mobile electron

mobile electron

[‚mō·bəl ə′lek‚trän]
(physical chemistry)
An electron that can move readily from one atom to another within a chemical structure in response to changes in the external chemical environment.
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Tenders are invited for Supply, Installation, Commissioning Aut Demonstration of 30 CuM Electron Beam welding Machine with Internal Mobile Electron Beam Gun System of 60kV/20kW Capacity.
Apart from fermentation, most bioenergetic pathways have a similar general structure, with an electron transport chain composed of protein complexes acting as electron donors and acceptors, as well as a central cytochrome complex, mobile electron carriers, and an ATP synthase.
Mobile Electron provided turnkey integration and installation, as well as RF propagation analysis to help RES select the most appropriate cellular provider for a given area.
Mobile Electron, the leading distributor of M2M networking equipment, announced the launch of its new e-commerce site at www.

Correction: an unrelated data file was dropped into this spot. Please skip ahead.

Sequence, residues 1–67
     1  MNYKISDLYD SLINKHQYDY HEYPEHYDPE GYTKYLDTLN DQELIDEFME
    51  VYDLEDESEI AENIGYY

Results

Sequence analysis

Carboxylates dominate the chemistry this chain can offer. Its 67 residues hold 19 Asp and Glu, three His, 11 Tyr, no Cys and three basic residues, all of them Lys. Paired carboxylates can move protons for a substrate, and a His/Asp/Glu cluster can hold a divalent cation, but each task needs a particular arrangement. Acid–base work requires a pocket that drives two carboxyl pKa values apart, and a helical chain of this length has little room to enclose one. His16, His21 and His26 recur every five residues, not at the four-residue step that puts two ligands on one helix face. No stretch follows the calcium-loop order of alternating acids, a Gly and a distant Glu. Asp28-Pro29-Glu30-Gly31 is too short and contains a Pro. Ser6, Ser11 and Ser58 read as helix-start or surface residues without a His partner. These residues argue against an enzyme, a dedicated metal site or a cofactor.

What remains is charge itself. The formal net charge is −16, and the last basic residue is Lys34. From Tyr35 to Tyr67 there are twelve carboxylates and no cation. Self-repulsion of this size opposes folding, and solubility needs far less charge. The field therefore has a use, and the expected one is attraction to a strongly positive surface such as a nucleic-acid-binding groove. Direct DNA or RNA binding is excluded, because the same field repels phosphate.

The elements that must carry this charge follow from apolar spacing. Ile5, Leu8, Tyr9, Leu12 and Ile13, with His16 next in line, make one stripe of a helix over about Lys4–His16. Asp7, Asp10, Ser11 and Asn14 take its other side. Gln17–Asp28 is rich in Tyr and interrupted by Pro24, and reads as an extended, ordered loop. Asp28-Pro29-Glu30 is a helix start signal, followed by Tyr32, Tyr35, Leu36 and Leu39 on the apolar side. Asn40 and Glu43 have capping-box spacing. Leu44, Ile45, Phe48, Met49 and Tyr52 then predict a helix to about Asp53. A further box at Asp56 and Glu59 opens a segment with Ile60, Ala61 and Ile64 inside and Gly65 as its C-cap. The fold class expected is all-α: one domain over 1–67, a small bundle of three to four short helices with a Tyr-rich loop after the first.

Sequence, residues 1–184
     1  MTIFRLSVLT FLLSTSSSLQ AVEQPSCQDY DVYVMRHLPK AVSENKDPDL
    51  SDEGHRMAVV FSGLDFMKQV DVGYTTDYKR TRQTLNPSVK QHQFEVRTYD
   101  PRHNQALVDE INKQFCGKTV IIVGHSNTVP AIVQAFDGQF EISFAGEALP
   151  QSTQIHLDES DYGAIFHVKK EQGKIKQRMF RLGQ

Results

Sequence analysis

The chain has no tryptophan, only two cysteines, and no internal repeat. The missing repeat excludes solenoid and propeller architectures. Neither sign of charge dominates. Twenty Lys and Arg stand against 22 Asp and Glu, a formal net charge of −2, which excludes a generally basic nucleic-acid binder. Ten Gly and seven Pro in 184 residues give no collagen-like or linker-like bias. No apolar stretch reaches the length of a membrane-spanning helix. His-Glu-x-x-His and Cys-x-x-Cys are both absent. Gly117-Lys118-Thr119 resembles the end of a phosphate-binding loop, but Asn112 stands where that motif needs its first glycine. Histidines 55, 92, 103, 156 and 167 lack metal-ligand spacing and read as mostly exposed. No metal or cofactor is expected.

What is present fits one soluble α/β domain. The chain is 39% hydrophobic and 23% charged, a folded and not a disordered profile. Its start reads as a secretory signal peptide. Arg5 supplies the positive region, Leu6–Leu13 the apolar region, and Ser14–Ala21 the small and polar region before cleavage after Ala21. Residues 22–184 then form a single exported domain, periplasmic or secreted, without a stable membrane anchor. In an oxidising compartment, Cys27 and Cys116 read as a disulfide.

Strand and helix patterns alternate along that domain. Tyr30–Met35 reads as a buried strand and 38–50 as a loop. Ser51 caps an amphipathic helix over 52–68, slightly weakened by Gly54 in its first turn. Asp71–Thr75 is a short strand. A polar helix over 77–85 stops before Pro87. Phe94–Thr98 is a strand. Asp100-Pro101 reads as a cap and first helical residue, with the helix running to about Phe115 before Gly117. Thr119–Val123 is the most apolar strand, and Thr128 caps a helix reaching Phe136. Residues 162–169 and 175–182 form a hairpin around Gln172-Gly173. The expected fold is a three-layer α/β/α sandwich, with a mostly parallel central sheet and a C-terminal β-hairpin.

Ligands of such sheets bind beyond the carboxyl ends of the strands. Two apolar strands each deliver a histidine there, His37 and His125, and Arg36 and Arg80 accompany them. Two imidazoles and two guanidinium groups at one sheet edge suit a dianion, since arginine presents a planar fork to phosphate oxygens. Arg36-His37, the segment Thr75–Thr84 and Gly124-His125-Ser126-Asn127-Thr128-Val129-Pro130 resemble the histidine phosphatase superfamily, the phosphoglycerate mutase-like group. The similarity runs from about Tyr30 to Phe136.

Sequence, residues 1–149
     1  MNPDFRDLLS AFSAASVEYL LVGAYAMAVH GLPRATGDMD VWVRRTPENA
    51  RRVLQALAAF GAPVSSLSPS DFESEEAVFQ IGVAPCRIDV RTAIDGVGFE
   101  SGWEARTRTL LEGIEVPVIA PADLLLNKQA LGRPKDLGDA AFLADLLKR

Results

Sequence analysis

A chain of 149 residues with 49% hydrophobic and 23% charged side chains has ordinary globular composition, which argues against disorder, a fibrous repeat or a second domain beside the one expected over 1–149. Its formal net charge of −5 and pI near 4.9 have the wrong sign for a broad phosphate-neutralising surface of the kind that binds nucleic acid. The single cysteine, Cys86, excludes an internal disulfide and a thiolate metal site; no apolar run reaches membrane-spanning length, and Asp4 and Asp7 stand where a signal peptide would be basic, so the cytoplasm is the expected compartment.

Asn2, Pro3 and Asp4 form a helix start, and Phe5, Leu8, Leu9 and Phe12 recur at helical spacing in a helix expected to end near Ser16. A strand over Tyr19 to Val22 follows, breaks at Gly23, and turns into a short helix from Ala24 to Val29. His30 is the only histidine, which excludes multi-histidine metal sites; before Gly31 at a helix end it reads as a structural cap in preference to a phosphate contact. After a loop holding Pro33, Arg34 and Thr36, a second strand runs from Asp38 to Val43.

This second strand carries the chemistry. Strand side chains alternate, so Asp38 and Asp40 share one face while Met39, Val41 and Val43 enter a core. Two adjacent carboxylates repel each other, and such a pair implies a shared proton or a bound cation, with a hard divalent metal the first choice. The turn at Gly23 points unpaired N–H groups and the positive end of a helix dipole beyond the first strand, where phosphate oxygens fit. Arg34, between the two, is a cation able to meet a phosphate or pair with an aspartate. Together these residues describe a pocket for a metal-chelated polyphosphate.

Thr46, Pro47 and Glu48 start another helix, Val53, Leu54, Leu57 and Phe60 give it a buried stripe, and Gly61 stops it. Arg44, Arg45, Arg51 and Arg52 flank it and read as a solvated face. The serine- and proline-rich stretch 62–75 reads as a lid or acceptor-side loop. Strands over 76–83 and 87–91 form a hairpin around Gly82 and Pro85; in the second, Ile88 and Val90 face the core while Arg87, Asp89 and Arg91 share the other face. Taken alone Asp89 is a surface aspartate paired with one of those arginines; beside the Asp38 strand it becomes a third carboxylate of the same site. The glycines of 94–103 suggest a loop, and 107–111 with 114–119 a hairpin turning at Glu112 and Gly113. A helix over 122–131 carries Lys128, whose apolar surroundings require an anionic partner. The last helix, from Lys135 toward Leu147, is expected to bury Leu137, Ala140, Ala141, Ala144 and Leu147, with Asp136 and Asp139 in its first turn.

Mobile Electron is a full service systems integration and consulting company focused on bringing wireless data solutions to the M2M Marketplace.
IntraOp's Mobetron is a mobile electron beam radiation device that applies a direct application of intraoperative electron-beam radiation therapy (IOERT) to a tumor during cancer surgery.
This work now centres on analyzing the microscopic changes taking place within a superconductor when it hits that key temperature where mobile electrons organize into a wave-like periodic structure called a charge density wave.
When light with sufficient energy (short wavelength) strikes atoms near the interface between the two semiconductors -- called p-type and n-type, respectively -- it generates mobile electrons and holes, boosting electrical current across the p-n junction and signaling the presence of light.
When light waves interact with these mobile electrons, they move in what Dionne describes as "a very well-defined, intricate dance," scattering and sculpting the light into electromagnetic waves called plasmon-polaritons.
It is a well-known scientific fact that the surface of the Earth possesses a limitless and continuously renewed supply of free or mobile electrons.
The problem the researchers faced was that the heavy elements have a lot of mobile electrons, so electrons excited by gamma radiation are hard to detect.

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